Young and up-and-coming executives and entrepreneurs are always on the lookout for someone whom they can learn from. They want someone who will take their idea to the next level. Someone whose wisdom acquired in a certain field can be the key to having the next multimillion or billion-dollar enterprise. Mentoring programs are often so caught up in the satisfying a potential protégé’s needs that they are likely to overcome a key factor in the mentor-mentee relationship. What’s that you ask? Simply put, they are overlooking a simple question: What is the mentor looking for in a mentee? The answer lies in eight qualities mentors want out of their prospective mentees.
Commitment to the task at hand
Mentors are usually high level executives or someone who is well recognized in a certain area. As such, their time is quite valuable and there is no room for slacking off. They know first-hand that sacrifice and success go hand in hand. Mentors want a protégé that is willing to make sacrifices and work harder than anyone to achieve his or her goals with a little guidance from someone who has been there and done that.
A good mentee should leave stubbornness at home. Being able to take a mentor’s advice and suggestions without getting upset is key in a successful mentor-mentee relationship. Mentors have a wealth of experience from years of practice. Mentees must be open to accepting that this experience is valuable and take it as a tool rather than an imposition. While a mentee might have a great idea, the approach on how to get it off the ground might not be the best one. Good mentees are willing to change strategies for the benefit of the cause.
Taking suggestions is important. Analyzing the advice given, considering new paths, and proposing ideas is also. Mentees should not wait for the mentor to tell him or her what to do next. They must feel empowered to make choices and propose other points of view with the mentor. It will always be better to bring someone back down to earth than to constantly keep pushing them.
Humbleness goes a long way
Once again, mentors are educated and experienced and with great amount of wisdom when it comes to what they do. Sharing this experience could sometimes go against what the mentee has in mind. It’s very important for a protégé to take a mentor’s knowledge humbly, understanding that their track record speaks for them and that any advice handed down will always be to help the protégé rather than hold them back.
Motivated to succeed
Mentors want someone with the drive to succeed. They want a mentee who will not stay down when failure slaps them in the face but rather take the blown, dust off, and keep on going. Mentors want mentees to look at failure as a how not to do something rather than a stopping point. A mentee must analyze what went wrong and make decisions on how to ensure it won’t be repeated. A positive attitude toward the goal helps a lot as well. Mentees should always keep their goal in mind and strive to give their all to reach it.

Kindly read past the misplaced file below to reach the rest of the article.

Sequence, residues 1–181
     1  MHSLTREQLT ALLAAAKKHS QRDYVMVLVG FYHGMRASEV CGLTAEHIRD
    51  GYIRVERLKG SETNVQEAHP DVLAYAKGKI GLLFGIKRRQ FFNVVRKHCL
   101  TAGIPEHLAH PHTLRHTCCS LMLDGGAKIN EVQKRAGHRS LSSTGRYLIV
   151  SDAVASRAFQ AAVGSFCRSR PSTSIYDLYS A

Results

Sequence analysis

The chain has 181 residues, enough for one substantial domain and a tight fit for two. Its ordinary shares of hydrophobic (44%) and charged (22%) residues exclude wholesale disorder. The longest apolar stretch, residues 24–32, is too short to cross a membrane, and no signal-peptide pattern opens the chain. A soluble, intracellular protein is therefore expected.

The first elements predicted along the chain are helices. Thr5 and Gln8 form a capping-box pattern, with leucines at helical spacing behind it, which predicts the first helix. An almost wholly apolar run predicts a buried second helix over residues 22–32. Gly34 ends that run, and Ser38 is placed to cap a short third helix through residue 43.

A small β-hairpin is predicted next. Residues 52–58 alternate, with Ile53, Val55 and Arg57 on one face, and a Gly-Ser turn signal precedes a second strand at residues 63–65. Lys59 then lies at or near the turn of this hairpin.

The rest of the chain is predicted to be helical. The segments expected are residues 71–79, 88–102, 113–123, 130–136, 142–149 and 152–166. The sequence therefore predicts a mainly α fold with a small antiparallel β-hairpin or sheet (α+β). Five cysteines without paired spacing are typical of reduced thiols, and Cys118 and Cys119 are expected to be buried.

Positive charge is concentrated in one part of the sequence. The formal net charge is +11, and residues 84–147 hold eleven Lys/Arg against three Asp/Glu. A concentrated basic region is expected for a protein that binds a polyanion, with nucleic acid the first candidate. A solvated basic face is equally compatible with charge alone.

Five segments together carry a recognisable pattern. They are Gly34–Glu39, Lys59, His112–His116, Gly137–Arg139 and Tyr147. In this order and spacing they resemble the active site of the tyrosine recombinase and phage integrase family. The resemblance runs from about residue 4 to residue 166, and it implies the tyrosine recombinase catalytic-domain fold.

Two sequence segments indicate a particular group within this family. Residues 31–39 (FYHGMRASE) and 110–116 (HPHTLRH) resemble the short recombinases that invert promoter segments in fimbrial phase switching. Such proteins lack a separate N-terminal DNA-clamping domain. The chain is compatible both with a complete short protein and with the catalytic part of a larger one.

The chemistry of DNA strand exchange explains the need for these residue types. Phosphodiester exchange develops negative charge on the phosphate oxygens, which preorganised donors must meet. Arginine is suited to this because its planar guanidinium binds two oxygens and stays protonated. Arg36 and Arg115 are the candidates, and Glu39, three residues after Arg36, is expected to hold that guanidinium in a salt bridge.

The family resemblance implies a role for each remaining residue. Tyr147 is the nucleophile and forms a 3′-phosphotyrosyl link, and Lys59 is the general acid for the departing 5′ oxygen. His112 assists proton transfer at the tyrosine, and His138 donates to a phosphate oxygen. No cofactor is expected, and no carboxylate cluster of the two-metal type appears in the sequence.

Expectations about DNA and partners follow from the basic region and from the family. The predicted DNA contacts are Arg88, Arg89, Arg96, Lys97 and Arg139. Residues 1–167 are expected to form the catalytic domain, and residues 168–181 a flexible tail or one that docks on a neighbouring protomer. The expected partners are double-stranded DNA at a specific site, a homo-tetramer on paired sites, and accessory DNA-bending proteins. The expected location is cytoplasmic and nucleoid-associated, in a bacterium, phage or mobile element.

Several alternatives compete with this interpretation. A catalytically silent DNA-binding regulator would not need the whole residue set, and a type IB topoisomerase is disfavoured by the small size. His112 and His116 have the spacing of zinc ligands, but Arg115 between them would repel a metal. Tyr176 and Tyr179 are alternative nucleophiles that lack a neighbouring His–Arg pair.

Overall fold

Curiosity will not kill this cat
Mentors are willing to share their knowledge. A lot of times they will provide it based solely on what they see. Mentees must be curious and ask questions to get as much of it as possible. Mentor advice can only go so far. A protégé needs to make well thought queries that will allow him or her to take as much advantage of the mentor’s vast experience.
Mentees have to be upfront with everything going on with their endeavor. A mentor cannot guide them along the right path unless they have all the information. Trust is a two-way street, so mentors must also be completely honest. This could be the make or break trait in a mentor-mentee relationship. If both sides are honest with each other, it should grow into something productive. If not, the relationship will surely come to an end sooner or later.
Yes, mentors are there two ensure a protégé gets ahead in life and that a project is successful. And yes, some could even say it’s their responsibility. Gratitude will take you places and it something that mentors appreciate greatly. Acknowledging and saying thanks to a mentor for his or her efforts, time, advice, and knowledge builds a better, more trustworthy and long lasting relationship between a mentor and a student that will reap benefits for years to come.
A mentor choosing the most suitable mentee is just as important as a mentee picking a mentor. Knowing what a mentor wants out of a future protégé can be really useful to ensure that a mentor-mentee relationship starts off on the right foot.